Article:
Definition — A solution of a CSP is a total assignation which satisfied all the constraints of the problem.

During the search of the solutions of a CSP, a user can wish for:

  • finding a solution (satisfying all the constraints);
  • finding all the solutions of the problem;
  • proving the unsatisfiability of the problem.

Constraint optimization problem

A constraint optimization problem (COP) is a constraint satisfaction problem associated to an objective function.

An optimal solution to a minimization (maximization) COP is a solution that minimizes (maximizes) the value of the objective function.

During the search of the solutions of a CSP, a user can wish for:

  • finding a solution (satisfying all the constraints);
  • finding the best solution with respect to the objective;
  • proving the optimality of the best found solution;
  • proving the unsatisfiability of the problem.

Perturbation vs refinement models

Languages for constraint-based programming follow one of two approaches:[3]

  • Refinement model: variables in the problem are initially unassigned, and each variable is assumed to be able to contain any value included in its range or domain. As computation progresses, values in the domain of a variable are pruned if they are shown to be incompatible with the possible values of other variables, until a single value is found for each variable.
  • Perturbation model: variables in the problem are assigned a single initial value. At different times one or more variables receive perturbations (changes to their old value), and the system propagates the change trying to assign new values to other variables that are consistent with the perturbation.

Constraint propagation in constraint satisfaction problems is a typical example of a refinement model, and spreadsheets are a typical example of a perturbation model.

The refinement model is more general, as it does not restrict variables to have a single value, it can lead to several solutions to the same problem. However, the perturbation model is more intuitive for programmers using mixed imperative constraint object-oriented languages.[4]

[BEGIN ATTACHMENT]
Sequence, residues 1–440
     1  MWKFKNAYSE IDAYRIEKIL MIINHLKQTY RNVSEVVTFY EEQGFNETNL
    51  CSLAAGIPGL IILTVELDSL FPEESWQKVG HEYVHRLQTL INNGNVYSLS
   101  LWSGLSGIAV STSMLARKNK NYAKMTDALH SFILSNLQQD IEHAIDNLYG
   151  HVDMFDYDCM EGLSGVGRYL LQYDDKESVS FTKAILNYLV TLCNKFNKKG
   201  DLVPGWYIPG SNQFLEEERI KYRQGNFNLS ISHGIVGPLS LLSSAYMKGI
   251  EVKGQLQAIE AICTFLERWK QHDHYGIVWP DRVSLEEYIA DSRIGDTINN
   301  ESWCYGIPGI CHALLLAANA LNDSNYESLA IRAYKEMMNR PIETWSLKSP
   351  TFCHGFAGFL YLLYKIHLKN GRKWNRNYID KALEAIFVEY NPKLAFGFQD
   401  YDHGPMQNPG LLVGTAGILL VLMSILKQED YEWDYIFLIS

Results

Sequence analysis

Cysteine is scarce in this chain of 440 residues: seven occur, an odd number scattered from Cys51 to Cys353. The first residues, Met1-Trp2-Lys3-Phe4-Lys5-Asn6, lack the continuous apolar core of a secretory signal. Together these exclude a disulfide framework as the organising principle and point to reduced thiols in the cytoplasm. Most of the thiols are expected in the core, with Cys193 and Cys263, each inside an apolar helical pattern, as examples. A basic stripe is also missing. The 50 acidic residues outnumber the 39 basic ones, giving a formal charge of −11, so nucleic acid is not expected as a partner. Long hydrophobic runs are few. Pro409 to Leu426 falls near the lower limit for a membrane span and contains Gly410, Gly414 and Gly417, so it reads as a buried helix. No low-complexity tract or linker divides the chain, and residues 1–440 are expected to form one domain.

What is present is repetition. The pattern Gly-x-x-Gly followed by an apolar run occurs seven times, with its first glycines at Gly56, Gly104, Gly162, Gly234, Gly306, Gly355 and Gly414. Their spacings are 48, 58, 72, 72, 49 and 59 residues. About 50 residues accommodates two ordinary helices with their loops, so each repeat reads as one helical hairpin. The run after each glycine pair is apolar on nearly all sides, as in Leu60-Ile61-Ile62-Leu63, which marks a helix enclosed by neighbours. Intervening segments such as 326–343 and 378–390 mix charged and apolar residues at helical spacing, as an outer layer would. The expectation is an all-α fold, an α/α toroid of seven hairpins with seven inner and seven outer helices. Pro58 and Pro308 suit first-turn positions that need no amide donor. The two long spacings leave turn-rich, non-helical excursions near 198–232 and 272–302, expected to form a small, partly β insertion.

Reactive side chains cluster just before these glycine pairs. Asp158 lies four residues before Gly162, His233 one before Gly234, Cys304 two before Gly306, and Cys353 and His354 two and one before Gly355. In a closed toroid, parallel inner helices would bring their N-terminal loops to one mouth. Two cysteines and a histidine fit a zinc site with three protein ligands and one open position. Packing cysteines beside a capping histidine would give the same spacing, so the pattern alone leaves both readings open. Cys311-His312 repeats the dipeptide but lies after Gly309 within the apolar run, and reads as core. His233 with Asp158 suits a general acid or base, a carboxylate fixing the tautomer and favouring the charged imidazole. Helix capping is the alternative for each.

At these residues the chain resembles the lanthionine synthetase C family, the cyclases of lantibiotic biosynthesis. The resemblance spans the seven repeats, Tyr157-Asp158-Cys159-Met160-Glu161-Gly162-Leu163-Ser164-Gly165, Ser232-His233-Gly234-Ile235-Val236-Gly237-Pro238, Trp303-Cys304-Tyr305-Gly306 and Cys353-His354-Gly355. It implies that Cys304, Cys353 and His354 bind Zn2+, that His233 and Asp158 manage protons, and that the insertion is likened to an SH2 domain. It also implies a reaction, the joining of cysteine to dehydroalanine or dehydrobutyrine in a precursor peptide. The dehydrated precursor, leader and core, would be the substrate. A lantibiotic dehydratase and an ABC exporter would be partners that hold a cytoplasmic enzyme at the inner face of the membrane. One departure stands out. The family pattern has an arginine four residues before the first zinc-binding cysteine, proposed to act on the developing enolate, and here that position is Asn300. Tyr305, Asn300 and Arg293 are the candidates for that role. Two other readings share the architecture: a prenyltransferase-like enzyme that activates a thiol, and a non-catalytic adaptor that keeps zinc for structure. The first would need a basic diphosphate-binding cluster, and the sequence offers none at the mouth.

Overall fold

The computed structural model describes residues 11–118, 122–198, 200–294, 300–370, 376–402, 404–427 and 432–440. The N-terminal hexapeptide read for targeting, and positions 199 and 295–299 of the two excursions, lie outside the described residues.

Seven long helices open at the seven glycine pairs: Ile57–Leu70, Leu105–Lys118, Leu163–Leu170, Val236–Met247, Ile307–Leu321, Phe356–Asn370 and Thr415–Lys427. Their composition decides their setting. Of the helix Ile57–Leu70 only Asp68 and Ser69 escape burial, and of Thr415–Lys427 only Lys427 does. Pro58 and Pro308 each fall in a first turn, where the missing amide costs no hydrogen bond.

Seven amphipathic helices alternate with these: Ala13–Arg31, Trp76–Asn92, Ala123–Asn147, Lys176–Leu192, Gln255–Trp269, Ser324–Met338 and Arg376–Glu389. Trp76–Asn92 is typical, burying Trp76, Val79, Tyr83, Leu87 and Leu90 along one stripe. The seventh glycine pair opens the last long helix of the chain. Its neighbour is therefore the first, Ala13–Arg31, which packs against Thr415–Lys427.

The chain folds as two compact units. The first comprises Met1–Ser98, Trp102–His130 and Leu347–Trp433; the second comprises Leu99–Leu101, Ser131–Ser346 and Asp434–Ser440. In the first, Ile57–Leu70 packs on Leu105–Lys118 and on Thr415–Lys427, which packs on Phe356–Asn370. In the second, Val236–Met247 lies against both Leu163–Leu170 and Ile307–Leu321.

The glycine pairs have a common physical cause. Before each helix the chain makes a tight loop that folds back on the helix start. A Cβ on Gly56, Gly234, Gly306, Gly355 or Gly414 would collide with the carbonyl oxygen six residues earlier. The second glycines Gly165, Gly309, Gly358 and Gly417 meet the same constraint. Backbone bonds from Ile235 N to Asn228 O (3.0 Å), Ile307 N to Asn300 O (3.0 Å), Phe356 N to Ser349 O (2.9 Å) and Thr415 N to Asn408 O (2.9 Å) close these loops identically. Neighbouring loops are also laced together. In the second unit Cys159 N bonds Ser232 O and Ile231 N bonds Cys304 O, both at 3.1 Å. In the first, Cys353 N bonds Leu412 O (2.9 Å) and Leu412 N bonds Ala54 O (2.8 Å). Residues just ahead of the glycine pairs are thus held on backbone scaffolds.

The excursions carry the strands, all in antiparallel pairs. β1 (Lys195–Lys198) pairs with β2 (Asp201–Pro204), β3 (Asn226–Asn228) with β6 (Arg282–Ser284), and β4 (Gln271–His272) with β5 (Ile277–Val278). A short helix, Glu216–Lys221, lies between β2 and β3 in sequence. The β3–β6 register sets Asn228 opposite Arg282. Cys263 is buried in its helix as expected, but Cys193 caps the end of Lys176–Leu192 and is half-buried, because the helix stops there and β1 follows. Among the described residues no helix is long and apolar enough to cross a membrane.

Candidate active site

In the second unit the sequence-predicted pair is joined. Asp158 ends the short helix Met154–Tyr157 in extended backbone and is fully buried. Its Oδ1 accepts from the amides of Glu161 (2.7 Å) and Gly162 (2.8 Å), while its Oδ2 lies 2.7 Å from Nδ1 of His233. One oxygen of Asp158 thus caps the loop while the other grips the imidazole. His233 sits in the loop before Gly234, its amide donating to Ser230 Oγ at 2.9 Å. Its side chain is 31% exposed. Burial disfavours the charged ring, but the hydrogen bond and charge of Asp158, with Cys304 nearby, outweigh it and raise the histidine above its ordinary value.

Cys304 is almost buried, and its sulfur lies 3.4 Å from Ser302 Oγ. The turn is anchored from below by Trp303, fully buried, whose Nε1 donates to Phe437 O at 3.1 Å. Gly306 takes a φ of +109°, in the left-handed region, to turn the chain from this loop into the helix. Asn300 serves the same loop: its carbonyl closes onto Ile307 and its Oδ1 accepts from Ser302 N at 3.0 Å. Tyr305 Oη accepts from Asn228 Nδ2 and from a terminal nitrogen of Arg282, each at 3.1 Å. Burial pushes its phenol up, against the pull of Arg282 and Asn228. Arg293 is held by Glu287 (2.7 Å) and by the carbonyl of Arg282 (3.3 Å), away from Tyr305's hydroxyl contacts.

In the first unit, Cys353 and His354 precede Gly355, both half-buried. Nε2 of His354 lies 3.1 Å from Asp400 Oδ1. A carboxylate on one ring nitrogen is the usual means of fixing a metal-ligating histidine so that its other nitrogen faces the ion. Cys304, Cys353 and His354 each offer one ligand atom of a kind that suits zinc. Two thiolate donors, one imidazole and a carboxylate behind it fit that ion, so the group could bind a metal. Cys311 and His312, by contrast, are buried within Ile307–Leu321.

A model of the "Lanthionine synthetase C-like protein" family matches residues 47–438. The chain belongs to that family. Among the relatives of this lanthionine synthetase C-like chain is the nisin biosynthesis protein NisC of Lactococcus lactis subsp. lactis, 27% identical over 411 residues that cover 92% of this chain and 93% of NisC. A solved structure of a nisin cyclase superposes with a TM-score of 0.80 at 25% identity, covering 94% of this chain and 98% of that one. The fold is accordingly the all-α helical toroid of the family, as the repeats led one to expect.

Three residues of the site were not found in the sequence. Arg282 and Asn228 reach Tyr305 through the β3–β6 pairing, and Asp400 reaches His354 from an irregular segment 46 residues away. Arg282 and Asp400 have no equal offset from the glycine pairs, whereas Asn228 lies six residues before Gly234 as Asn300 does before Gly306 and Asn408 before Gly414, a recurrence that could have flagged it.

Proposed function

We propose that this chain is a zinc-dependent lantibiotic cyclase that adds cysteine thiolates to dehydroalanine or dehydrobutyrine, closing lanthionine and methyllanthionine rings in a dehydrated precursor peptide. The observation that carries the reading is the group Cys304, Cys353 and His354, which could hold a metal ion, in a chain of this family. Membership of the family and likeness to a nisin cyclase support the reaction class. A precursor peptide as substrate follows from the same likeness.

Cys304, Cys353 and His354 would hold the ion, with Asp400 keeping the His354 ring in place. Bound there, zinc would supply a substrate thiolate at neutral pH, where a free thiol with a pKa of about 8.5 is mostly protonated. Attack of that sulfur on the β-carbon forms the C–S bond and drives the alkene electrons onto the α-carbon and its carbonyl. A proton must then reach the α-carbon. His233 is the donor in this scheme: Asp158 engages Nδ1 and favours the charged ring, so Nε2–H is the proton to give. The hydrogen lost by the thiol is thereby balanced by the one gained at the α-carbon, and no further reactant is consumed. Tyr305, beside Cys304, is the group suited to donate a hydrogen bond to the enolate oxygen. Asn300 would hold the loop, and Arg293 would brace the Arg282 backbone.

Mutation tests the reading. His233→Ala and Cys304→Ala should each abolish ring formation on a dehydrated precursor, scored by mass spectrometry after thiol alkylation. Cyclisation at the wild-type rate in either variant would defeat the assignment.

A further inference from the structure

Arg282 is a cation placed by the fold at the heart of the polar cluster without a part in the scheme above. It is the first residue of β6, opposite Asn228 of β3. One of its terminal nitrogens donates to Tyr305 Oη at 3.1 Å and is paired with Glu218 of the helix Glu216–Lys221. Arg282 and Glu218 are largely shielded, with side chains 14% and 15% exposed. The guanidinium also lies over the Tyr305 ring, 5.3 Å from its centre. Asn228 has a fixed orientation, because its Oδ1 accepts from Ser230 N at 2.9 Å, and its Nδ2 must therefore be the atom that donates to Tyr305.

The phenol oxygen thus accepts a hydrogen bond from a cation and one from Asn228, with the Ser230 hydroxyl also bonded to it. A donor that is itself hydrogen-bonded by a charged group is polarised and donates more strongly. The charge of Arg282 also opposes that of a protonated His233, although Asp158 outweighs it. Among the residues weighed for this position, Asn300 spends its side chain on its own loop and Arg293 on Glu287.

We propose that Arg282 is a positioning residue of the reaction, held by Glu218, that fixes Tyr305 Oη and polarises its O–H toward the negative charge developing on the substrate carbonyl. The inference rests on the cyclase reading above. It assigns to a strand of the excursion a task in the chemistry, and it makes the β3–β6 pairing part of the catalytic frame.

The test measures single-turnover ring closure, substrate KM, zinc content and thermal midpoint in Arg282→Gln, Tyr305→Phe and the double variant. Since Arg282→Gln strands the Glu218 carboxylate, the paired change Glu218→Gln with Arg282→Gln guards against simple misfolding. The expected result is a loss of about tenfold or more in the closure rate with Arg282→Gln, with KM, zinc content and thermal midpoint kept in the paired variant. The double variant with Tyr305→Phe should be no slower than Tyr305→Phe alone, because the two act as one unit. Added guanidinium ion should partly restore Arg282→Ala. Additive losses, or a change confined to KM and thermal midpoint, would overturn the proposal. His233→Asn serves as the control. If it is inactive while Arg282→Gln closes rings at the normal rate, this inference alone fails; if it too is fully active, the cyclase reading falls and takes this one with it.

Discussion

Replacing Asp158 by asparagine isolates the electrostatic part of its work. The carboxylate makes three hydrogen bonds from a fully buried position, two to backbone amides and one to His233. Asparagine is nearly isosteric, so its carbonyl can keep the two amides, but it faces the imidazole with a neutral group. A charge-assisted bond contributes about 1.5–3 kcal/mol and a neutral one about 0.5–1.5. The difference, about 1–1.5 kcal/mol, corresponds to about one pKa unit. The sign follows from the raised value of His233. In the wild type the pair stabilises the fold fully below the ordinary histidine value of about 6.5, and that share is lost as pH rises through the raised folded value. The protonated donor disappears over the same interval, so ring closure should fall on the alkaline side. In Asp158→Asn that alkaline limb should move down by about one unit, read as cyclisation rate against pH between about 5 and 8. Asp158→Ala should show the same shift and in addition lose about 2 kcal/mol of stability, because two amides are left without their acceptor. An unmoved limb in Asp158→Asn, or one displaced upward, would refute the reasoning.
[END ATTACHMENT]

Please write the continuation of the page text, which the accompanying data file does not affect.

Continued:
The constraints used in constraint programming are typically over some specific domains. Some popular domains for constraint programming are:

  • boolean domains, where only true/false constraints apply (SAT problem)
  • integer domains, rational domains
  • interval domains, in particular for scheduling problems
  • linear domains, where only linear functions are described and analyzed (although approaches to non-linear problems do exist)
  • finite domains, where constraints are defined over finite sets
  • mixed domains, involving two or more of the above

Finite domains is one of the most successful domains of constraint programming. In some areas (like operations research) constraint programming is often identified with constraint programming over finite domains.

Constraint propagation

Local consistency conditions are properties of constraint satisfaction problems related to the consistency of subsets of variables or constraints. They can be used to reduce the search space and make the problem easier to solve. Various kinds of local consistency conditions are leveraged, including node consistency, arc consistency, and path consistency.

Every local consistency condition can be enforced by a transformation that changes the problem without changing its solutions. Such a transformation is called constraint propagation.[5] Constraint propagation works by reducing domains of variables, strengthening constraints, or creating new ones. This leads to a reduction of the search space, making the problem easier to solve by some algorithms. Constraint propagation can also be used as an unsatisfiability checker, incomplete in general but complete in some particular cases.

Constraint solving

There are three main algorithmic techniques for solving constraint satisfaction problems: backtracking search, local search, and dynamic programming.[1]

Backtracking search

Backtracking search is a general algorithm for finding all (or some) solutions to some computational problems, notably constraint satisfaction problems, that incrementally builds candidates to the solutions, and abandons a candidate ("backtracks") as soon as it determines that the candidate cannot possibly be completed to a valid solution.